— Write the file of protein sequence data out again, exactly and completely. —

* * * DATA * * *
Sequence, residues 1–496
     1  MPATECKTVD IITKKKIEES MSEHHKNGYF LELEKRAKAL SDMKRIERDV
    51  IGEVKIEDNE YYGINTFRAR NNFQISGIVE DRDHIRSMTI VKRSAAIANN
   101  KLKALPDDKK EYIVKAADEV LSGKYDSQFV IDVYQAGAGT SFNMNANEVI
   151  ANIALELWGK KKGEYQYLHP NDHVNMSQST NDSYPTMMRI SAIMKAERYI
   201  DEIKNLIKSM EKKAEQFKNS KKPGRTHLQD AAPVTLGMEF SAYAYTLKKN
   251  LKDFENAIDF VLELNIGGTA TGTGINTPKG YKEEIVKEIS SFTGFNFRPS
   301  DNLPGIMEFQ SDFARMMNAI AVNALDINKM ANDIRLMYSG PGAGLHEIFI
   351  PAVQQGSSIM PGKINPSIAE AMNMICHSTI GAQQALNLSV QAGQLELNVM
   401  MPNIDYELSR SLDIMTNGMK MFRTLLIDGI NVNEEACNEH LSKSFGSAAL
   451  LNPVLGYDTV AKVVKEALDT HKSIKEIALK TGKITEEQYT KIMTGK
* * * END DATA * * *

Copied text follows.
Sequence, residues 1–496
     1  MPATECKTVD IITKKKIEES MSEHHKNGYF LELEKRAKAL SDMKRIERDV
    51  IGEVKIEDNE YYGINTFRAR NNFQISGIVE DRDHIRSMTI VKRSAAIANN
   101  KLKALPDDKK EYIVKAADEV LSGKYDSQFV IDVYQAGAGT SFNMNANEVI
   151  ANIALELWGK KKGEYQYLHP NDHVNMSQST NDSYPTMMRI SAIMKAERYI
   201  DEIKNLIKSM EKKAEQFKNS KKPGRTHLQD AAPVTLGMEF SAYAYTLKKN
   251  LKDFENAIDF VLELNIGGTA TGTGINTPKG YKEEIVKEIS SFTGFNFRPS
   301  DNLPGIMEFQ SDFARMMNAI AVNALDINKM ANDIRLMYSG PGAGLHEIFI
   351  PAVQQGSSIM PGKINPSIAE AMNMICHSTI GAQQALNLSV QAGQLELNVM
   401  MPNIDYELSR SLDIMTNGMK MFRTLLIDGI NVNEEACNEH LSKSFGSAAL
   451  LNPVLGYDTV AKVVKEALDT HKSIKEIALK TGKITEEQYT KIMTGK